A significant fraction of gifts are unwanted, or the giver pays more for the item than the recipient values it, resulting in a misallocation of economic resources known as a deadweight loss. Unwanted gifts are often regifted, donated to charity, or thrown away.[3] A gift that actually imposes a burden on the recipient, either due to maintenance or storage or disposal costs, is known as a white elephant.
And if, as I said, it was necessary that the people of Israel should be captive so as to make manifest the ability of Moses; that the Persians should be oppressed by the Medes so as to discover the greatness of the soul of Cyrus; and that the Athenians should be dispersed to illustrate the capabilities of Theseus: then at the present time, in order to discover the virtue of an Italian spirit, it was necessary that Italy should be reduced to the extremity that she is now in, that she should be more enslaved than the Hebrews, more oppressed than the Persians, more scattered than the Athenians; without head, without order, beaten, despoiled, torn, overrun; and to have endured every kind of desolation.
Toy companies change and adapt their toys to meet the changing demands of children thereby gaining a larger share of the substantial market. In recent years many toys have become more complicated with flashing lights and sounds in an effort to appeal to children raised around television and the internet. According to Mattel's president, Neil Friedman, "Innovation is key in the toy industry and to succeed one must create a 'wow' moment for kids by designing toys that have fun, innovative features and include new technologies and engaging content."
Toy companies change and adapt their toys to meet the changing demands of children thereby gaining a larger share of the substantial market. In recent years many toys have become more complicated with flashing lights and sounds in an effort to appeal to children raised around television and the internet. According to Mattel's president, Neil Friedman, "Innovation is key in the toy industry and to succeed one must create a 'wow' moment for kids by designing toys that have fun, innovative features and include new technologies and engaging content."
These views, grounded as they are on the perfectly well-ascertained occurrence of a former Glacial period, seem to me to explain in so satisfactory a manner the present distribution of the Alpine and Arctic productions of Europe and America, that when in other regions we find the same species on distant mountain-summits, we may almost conclude without other evidence, that a colder climate permitted their former migration across the low intervening tracts, since become too warm for their existence.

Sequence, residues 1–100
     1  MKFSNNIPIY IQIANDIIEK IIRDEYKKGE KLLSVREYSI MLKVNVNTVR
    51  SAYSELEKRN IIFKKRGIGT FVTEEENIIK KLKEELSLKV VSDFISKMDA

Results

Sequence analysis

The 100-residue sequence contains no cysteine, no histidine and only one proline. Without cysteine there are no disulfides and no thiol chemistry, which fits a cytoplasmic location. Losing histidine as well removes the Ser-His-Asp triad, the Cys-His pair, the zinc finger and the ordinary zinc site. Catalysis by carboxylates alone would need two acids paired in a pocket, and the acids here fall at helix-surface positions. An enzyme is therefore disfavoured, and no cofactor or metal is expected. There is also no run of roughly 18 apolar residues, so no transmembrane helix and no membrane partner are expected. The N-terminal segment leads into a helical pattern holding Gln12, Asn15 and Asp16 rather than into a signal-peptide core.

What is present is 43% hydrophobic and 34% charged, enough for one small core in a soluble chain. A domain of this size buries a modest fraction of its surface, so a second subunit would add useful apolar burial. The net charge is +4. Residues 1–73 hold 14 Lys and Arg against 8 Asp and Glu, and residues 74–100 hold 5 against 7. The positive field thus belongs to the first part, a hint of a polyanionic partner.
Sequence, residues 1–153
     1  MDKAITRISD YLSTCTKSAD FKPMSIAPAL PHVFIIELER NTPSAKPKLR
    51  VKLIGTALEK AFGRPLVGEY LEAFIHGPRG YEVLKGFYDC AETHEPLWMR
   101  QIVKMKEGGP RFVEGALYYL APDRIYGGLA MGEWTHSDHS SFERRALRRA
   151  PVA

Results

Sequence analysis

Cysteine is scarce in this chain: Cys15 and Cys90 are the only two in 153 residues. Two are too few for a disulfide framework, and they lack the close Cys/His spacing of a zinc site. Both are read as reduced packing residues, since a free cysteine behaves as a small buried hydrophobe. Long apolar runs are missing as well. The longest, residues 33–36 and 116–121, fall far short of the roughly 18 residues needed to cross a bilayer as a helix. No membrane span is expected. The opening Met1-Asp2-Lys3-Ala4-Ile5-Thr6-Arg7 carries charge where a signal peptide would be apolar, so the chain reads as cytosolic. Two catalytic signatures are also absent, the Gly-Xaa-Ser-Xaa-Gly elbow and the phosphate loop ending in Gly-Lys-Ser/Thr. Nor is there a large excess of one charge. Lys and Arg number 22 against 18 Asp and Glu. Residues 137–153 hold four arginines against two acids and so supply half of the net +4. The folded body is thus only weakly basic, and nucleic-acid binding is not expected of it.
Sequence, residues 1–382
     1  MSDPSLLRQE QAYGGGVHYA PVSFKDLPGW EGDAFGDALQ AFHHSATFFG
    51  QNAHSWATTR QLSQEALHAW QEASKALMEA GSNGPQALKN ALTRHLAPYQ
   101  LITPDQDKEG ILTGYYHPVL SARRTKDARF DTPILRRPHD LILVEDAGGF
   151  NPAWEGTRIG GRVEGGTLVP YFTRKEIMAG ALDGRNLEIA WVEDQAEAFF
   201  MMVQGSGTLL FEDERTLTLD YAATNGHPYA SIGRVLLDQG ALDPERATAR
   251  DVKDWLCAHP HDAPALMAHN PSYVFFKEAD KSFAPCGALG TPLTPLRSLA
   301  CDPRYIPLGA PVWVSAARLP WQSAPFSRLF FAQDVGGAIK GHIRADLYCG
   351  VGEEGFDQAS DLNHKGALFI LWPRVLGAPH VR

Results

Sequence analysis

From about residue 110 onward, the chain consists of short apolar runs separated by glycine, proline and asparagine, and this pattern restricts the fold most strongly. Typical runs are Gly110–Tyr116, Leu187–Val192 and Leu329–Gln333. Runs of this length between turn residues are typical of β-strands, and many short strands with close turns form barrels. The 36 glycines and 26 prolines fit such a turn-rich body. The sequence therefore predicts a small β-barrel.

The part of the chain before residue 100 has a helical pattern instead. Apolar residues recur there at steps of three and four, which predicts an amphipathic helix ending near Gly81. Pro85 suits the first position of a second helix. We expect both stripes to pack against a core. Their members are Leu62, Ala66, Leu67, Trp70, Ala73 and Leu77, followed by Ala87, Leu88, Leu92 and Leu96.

Many countries have passed safety standards limiting the types of toys that can be sold. Most of these seek to limit potential hazards, such as choking or fire hazards that could cause injury. Children, especially very small ones, often put toys into their mouths, so the materials used to make a toy are regulated to prevent poisoning. Materials are also regulated to prevent fire hazards. Children have not yet learned to judge what is safe and what is dangerous, and parents do not always think of all possible situations, so such warnings and regulations are important on toys.
Pretend play is an essential part of a well-rounded childhood, helping kids develop intellectually, physically, socially and emotionally. By the age of three, your children will naturally begin to engage in pretend play, and you can ensure this activity is safe and rewarding by providing them with a good selection of age-appropriate toys. Make-believe must-haves include toy kitchens and play workshops, costumes, musical instruments and active toys like blasters and water guns. As your kids spend more time and energy in pretend worlds, their understanding of the real world will grow, and the skills they acquire will benefit them for a lifetime.
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